The significance of Joesley Batista’s deposition keeps growing. Not only has it thrown Temer’s presidency into flux, but Lula and Dilma now also stand accused. Here’s what we know so far about who is implicated, and how badly.
Lula and Dilma received US $150 million
JBS allegedly put money into two offshore bank accounts prior to the 2014 elections. By 2014, the combined balance of the accounts reached approximately US $150 million. Batista says that the funds supported the PT’s electoral campaign, and were ‘zeroed’ after 2014.
Dilma’s 2010 campaign
Batista said in the deposition that he paid former minister Antonio Palocci R$30 million in 2010. As far as Batista knows, this money was to help Dilma’s 2010 campaign.
Temer asked for bribes as recently as this year
In 2017, Temer apparently asked to be persuaded to give an “undue advantage”, ending Petrobras’s natural gas monopoly. This was in JBS parent company J&F group’s interests and was not the first time. In 2014, Temer received almost 15 million reais “in exchange for the performance favorable to the interests of the J&F group.”
Temer’s interventions with the STF and BNDES
According to Batista, Temer also asked for help to intervene after Eduardo Cunha’s arrest. Specifically, he asked JBS to help with two justices in the Federal Supreme Court. In return, Temer was willing to lobby BNDES on JBS’s behalf.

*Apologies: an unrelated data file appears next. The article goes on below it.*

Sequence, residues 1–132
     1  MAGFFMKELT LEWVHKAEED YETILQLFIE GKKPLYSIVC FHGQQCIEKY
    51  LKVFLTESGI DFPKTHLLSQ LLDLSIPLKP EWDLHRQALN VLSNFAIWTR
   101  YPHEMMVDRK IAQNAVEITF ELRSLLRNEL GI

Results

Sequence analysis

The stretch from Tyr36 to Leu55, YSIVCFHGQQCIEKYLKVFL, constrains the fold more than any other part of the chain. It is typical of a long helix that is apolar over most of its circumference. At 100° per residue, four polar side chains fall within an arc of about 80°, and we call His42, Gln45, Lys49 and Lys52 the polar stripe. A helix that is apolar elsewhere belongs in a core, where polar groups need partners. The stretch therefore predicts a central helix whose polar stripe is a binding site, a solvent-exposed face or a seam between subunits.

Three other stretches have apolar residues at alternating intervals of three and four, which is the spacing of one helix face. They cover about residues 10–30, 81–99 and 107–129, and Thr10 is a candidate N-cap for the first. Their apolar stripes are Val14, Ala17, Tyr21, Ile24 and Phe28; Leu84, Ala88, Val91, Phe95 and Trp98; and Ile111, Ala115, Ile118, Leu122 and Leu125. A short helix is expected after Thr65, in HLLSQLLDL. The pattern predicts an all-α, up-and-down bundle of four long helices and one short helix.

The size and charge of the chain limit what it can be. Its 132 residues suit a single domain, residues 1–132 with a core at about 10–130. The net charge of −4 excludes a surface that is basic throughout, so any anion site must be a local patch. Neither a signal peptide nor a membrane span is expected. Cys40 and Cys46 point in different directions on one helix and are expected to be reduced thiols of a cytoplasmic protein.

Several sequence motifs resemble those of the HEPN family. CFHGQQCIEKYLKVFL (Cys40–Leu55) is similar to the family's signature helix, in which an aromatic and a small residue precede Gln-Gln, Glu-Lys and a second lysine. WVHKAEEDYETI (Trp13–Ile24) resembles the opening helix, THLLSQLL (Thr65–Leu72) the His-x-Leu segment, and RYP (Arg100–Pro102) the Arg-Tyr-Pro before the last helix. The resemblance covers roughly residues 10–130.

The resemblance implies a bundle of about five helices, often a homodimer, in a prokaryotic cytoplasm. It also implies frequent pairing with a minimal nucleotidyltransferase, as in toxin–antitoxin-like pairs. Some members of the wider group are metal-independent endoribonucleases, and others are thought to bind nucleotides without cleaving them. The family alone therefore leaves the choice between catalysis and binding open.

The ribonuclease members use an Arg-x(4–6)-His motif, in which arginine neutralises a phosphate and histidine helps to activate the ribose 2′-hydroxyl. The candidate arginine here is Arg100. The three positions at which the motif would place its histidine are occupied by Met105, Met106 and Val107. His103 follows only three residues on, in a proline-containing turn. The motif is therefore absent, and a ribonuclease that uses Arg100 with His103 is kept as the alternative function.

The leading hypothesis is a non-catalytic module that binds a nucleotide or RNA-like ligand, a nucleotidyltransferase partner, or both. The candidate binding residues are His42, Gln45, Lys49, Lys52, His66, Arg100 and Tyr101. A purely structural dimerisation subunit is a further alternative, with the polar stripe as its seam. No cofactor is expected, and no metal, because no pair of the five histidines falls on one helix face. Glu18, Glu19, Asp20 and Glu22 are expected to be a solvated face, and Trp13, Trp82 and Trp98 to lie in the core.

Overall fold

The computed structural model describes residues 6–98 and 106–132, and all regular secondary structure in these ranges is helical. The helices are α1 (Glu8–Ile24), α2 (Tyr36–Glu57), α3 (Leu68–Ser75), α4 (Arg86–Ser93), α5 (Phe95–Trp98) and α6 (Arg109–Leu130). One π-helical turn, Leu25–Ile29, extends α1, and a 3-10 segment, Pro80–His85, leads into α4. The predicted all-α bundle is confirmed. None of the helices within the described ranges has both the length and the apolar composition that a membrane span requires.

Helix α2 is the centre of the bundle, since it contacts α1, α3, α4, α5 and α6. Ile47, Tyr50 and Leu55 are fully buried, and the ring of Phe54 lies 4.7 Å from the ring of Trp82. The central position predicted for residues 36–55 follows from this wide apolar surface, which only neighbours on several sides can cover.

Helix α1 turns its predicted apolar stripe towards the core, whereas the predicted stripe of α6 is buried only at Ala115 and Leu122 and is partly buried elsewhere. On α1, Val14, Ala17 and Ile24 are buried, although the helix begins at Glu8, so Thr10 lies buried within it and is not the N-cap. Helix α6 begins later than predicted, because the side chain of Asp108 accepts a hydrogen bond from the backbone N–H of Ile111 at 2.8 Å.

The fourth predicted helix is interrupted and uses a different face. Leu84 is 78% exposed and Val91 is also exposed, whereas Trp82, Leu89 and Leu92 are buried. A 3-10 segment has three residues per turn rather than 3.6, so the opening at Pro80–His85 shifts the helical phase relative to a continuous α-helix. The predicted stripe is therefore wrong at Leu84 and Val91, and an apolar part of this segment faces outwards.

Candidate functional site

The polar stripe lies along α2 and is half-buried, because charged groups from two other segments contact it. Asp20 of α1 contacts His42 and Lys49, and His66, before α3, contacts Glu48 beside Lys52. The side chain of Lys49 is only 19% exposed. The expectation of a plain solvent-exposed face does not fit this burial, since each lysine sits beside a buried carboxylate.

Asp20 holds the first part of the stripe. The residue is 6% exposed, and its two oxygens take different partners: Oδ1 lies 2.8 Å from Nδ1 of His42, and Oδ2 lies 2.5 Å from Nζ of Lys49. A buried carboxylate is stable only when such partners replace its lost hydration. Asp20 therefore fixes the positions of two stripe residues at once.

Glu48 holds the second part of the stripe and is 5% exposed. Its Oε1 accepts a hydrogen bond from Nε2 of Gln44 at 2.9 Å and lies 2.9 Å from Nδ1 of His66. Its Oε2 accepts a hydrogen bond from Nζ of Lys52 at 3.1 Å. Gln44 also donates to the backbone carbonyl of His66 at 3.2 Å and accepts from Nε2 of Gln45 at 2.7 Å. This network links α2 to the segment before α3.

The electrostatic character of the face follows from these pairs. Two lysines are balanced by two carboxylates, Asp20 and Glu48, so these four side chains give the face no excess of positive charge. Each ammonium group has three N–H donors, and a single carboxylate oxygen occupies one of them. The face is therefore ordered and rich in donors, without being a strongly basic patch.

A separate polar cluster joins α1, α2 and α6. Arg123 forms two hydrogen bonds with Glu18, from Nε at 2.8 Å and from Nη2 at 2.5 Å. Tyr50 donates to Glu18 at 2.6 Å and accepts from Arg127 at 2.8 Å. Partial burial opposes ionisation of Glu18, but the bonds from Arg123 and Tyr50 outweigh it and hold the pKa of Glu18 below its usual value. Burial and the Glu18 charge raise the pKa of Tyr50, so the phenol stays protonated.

Paying off the President of the Senate
Top JBS executive Ricardo Saud says that the current Senate president is another figure who took millions in bribes. Senator Eunício Oliveira reportedly received R$5 million. In return, he approved a provisional measure that dealt with the collection of corporate taxes, PIS and Cofins.
Aécio Neves’s millions in bribes
Neves received more than just the R$2 million revealed by yesterday’s leaked audio. JBS executives and owners say the senator received almost R$63 million to defend the interests of J&F group.
José Serra is another senior figure facing serious consequences
Senator José Serra reportedly received R$20 million from Batista. The money allegedly assisted Serra’s election campaign for as yet undisclosed favors.
Millions paid to Eduardo Cunha over 5 years
Batista said there was a current account system, which Cunha used to receive money between 2009 and 2014. Market operator Lúcio Funaro managed the funds, overseeing the R$50 million changing hands in that time. In exchange, Cunha facilitated financing from the Federal Savings Bank.
Joesley also said Cunha received a R$20 million payment in exchange for changing legislation surrounding employee payrolls. For his support of the group’s business demands in Congress, Cunha collected another R$30 million.
Alexandre Padilha’s 2014 campaign finances
Ricardo Saud’s testimony also revealed that Alexandre Padilha received R$3 million in illicit campaign donations in 2014. In the same deposition, Saud also revealed that the firm gave current Minas Gerais governor Fernando Pimental R$30 million. JBS paid a further R$5 million to Senator Gleisi Hoffman, and R$ 2 million to Paraná candidate Antonio Gomide.